(CNSNews.com) - Extending long-term unemployment benefits is a “big deal” for people who depend on them, but “it’s not that big a deal for the economy,” said Douglas Holtz-Eakin, former director of the Congressional Budget Office during the George W. Bush administration.
Long-term unemployment insurance was intended to tide people over when they’re between jobs, but it “is now trying to be all things to everybody,” he told CNN’s “State of the Union with Candy Crowley” on Sunday.
“This is mission drift. We have a big problem with (job) training. We have a big problem with unemployment. We need programs that match those problems.”
Holtz-Eakin said the economy is not growing fast enough. “We still have to grow much faster, take all the workers who've given up, all the workers who've been long-term unemployed and get them back to work. That's the top priority.”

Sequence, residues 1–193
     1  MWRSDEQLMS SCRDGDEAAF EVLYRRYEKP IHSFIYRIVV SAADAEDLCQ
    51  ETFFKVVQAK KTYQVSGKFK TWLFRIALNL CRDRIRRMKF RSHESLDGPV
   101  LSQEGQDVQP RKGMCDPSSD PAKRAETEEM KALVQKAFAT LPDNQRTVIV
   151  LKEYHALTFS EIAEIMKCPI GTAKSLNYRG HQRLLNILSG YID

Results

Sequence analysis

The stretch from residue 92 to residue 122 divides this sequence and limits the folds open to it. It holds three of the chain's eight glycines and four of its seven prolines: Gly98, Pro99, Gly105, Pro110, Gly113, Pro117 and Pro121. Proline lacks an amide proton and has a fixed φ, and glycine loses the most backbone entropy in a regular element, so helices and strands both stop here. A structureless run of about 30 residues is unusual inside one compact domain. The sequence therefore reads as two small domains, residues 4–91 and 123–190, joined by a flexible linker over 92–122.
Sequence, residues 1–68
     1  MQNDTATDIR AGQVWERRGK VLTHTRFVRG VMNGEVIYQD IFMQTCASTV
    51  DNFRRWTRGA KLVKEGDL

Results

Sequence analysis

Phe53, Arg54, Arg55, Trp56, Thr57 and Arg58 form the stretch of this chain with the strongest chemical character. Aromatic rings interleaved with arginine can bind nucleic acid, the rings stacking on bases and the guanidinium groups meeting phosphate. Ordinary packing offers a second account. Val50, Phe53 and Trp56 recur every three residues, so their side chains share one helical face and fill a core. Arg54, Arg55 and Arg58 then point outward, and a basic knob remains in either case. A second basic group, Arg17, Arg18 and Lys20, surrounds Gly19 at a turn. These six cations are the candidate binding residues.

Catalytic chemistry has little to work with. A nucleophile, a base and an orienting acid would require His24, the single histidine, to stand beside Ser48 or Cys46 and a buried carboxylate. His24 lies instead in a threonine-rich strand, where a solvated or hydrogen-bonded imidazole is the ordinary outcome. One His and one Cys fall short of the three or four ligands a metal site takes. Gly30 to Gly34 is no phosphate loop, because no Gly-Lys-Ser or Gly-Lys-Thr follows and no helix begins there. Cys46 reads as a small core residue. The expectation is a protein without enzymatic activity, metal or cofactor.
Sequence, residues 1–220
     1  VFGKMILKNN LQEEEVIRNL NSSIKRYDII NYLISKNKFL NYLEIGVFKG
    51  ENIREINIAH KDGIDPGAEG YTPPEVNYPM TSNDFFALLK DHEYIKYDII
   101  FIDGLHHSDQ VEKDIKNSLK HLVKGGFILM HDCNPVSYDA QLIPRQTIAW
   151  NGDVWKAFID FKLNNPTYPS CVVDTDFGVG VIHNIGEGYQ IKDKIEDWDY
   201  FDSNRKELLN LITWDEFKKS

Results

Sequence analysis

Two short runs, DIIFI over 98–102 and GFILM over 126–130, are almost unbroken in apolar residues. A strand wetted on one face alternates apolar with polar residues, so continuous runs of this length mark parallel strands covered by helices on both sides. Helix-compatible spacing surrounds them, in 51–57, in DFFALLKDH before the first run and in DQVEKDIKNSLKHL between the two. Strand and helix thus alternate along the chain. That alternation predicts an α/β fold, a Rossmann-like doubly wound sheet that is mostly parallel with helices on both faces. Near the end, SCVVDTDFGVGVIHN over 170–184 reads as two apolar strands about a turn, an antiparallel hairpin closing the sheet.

But Peter Orszag, former CBO director and Office of Management and Budget director under President Barack Obama, said with unemployment “still really elevated,” the nation needs to extend those long-term unemployment benefits.
“I mean, the point is, we have always extended these benefits when unemployment is really elevated," he told CNN's "State of the Union.'"
Orszag said extending unemployment benefits stimulates demand, and is “one of the most effective ways of getting money into the economy quickly.”
He called it “unfortunate” that Congress has not extended the program.
Orszag predicted that the economy will continue to improve next year: “2014, I think, is likely for the first time in several years to be materially not as strong as we'd like but better than 2013.”